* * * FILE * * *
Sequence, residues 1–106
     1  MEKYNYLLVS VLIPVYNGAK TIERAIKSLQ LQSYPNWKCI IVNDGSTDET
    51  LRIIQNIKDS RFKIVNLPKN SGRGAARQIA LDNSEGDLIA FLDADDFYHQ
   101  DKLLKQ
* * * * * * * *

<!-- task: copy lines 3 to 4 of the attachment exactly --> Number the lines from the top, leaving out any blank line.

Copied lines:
    51  LRIIQNIKDS RFKIVNLPKN SGRGAARQIA LDNSEGDLIA FLDADDFYHQ
   101  DKLLKQ